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5/2/2013 12:15:42 PM
Posted: 3 years ago
I enjoy this topic. I'll just copy what I wrote in a thread about this months ago.

In terms of my own relationship history...

Best

Atheists: An atheist with an atheist has to be the easiest possible combo. No obligations, no negotiations. Anything goes lol.

Buddhists: A little reincarnation and karma never hurt anybody.

Worst

New Agers: Crystals, seances, universal consciousness, chanting, premonitions, meditation...and this was all one girl. If she wasn't hot, this would have lasted one day. Alone, any one of these is cool but combined, it's a deal breaker.

Born Again Christians: There must be something deliciously taboo about dating an atheist for some girls. It's usually exciting and forbidden in the beginning but eventually you get tired of hearing about your eternal damnation right after fornicating.
"You assume I wouldn't want to burn this whole place to the ground."
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suttichart.denpruektham
Posts: 1,115
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5/2/2013 12:23:26 PM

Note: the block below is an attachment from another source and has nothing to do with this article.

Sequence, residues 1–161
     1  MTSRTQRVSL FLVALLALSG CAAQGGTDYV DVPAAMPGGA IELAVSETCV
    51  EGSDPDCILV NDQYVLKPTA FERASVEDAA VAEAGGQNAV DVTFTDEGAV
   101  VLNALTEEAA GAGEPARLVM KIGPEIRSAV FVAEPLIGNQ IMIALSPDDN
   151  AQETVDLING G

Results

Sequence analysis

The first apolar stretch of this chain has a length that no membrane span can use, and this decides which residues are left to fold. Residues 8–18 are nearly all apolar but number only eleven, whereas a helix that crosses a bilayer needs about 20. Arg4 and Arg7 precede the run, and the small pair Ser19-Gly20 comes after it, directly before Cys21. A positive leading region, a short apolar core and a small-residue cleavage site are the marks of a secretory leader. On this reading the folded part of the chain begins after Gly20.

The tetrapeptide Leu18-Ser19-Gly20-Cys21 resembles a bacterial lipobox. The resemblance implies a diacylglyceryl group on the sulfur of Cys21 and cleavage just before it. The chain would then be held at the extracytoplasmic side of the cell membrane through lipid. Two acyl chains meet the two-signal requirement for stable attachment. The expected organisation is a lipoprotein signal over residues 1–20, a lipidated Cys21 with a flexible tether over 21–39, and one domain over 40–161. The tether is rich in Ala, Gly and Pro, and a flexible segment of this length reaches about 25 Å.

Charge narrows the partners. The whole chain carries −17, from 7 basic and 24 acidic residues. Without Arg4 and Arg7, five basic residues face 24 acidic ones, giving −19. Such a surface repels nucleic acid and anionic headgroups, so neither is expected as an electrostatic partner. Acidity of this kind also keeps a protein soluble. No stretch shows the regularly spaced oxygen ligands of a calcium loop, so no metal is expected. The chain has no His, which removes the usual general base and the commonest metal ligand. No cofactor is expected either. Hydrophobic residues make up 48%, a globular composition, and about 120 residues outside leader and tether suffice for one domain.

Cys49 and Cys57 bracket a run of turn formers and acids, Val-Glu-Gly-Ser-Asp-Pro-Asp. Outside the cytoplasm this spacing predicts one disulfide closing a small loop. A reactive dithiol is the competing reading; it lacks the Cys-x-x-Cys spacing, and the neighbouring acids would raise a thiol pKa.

Posted: 3 years ago
At 5/2/2013 12:15:42 PM, Maikuru wrote:
I enjoy this topic. I'll just copy what I wrote in a thread about this months ago.

In terms of my own relationship history...

Best

Atheists: An atheist with an atheist has to be the easiest possible combo. No obligations, no negotiations. Anything goes lol.

Buddhists: A little reincarnation and karma never hurt anybody.

Worst

New Agers: Crystals, seances, universal consciousness, chanting, premonitions, meditation...and this was all one girl. If she wasn't hot, this would have lasted one day. Alone, any one of these is cool but combined, it's a deal breaker.

Born Again Christians: There must be something deliciously taboo about dating an atheist for some girls. It's usually exciting and forbidden in the beginning but eventually you get tired of hearing about your eternal damnation right after fornicating.

You obviously never seen a Buddhists lunatic who can not talk of anything that is not written in the sutra, or the new cult sect who act like an MLM and who try to create a "network of positive karma" which generally resulted in a network of temple donation.